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My question is the title itself: what is homebrew (or home brewing)? And how do homebrews differ from ordinary ham radios?

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Homebrew is (as the name suggests) when you make your equipment yourself, as opposed to buying it.

An amateur setup consists of many components - the largest and most complicated of which are a radio transceiver (or separate receiver and transmitter), and the antenna. A power supply is also needed, but these are relatively inexpensive compared to the cost of other components.

Many people use a homebrew antenna, as it’s relatively straightforward to make a simple dipole and all it really costs is some wire and a balun. However, building a transceiver is a much more daunting task, unless you’re happy to stick with a single band and QRP.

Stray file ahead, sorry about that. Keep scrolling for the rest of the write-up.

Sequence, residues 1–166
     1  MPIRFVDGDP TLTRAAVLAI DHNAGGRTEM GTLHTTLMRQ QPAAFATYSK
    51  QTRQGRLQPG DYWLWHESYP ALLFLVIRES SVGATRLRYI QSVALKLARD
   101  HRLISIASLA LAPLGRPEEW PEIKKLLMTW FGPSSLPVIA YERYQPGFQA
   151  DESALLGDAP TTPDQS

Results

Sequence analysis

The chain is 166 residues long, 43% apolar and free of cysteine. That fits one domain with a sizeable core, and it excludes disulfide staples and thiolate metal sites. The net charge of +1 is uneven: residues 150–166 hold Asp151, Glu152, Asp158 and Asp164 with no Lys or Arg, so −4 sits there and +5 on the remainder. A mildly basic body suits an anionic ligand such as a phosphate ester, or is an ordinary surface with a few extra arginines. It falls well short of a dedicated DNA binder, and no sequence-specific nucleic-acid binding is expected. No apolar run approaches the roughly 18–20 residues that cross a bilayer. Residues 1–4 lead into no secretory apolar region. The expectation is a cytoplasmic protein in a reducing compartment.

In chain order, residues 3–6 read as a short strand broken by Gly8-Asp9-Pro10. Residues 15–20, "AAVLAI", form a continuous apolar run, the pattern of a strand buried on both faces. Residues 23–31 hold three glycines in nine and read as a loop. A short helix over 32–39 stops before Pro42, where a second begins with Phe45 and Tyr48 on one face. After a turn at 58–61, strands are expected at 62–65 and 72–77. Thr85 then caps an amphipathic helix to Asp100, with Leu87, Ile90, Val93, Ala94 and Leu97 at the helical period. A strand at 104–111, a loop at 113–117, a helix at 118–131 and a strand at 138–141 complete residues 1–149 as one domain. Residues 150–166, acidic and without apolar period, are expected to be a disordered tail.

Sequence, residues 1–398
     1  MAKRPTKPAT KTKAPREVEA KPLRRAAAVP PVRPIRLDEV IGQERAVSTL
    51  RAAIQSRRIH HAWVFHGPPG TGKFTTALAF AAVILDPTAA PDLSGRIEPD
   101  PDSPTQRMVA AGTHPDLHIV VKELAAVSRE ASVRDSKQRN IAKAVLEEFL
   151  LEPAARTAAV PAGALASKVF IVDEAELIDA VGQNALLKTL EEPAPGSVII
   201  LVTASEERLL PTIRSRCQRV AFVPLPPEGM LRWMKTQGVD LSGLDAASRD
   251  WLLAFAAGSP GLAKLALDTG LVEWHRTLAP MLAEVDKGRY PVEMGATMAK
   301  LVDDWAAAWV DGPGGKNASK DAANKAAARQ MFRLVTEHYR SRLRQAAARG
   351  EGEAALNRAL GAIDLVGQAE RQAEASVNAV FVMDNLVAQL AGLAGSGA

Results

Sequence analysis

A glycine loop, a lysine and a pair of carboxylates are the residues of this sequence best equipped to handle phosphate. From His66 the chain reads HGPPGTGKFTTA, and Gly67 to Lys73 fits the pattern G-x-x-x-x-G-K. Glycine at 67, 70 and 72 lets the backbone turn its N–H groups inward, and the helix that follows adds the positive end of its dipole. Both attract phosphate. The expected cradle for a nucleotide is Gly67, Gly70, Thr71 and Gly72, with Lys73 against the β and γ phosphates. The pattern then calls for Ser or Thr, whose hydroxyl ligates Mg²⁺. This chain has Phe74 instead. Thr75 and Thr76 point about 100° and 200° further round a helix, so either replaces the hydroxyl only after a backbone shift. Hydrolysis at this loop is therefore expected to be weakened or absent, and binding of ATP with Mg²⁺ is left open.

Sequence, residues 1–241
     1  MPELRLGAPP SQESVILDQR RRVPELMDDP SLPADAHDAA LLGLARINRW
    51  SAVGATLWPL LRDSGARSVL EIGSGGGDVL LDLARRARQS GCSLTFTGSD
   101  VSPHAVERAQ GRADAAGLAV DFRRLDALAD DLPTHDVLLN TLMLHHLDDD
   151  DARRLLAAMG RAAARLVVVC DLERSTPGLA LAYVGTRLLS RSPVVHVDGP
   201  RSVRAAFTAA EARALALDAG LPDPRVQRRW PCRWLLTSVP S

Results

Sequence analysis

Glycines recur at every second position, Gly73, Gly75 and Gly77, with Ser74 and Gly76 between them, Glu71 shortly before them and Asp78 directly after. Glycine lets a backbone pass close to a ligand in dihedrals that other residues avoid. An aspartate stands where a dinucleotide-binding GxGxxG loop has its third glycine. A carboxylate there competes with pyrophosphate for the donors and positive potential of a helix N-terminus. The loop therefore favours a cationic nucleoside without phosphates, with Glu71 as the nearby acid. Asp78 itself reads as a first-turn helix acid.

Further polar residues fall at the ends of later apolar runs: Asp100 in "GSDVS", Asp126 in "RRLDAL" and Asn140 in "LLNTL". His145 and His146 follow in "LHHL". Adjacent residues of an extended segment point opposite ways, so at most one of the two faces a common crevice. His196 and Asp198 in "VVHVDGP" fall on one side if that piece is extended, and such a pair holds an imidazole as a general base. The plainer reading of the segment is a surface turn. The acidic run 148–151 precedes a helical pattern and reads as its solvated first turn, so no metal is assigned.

Some people became radio amateurs literally because they wanted the challenge of building large complex electronics projects that they could maintain and improve, while using the equipment on a daily basis. However, for us mere mortals it is beyond most people’s ability without a long time of research and learning, when you can spend money and get a reliable working radio.

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    $\begingroup$ I agree, with an addition: high-efficiency power supply design, particularly in the forms of resonant converters and wireless charging, takes on many of the characteristics of RF design. For a young engineer who may be deciding on a career path, this is a way to blend interests. $\endgroup$ – Brian K1LI Apr 19 at 20:41

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